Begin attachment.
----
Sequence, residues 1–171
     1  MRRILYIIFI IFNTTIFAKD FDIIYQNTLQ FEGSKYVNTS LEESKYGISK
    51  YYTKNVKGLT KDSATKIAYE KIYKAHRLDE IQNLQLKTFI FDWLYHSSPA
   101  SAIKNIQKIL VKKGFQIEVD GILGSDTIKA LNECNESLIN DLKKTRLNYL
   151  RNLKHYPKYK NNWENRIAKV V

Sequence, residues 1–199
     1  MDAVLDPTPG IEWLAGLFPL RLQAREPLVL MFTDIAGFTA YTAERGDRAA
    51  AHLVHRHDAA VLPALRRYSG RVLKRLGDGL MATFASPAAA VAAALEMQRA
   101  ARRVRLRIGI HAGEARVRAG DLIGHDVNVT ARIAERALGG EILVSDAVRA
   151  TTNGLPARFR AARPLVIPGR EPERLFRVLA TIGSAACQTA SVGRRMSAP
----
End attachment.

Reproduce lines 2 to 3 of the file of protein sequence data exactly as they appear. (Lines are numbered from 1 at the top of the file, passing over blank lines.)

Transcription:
     1  MRRILYIIFI IFNTTIFAKD FDIIYQNTLQ FEGSKYVNTS LEESKYGISK
    51  YYTKNVKGLT KDSATKIAYE KIYKAHRLDE IQNLQLKTFI FDWLYHSSPA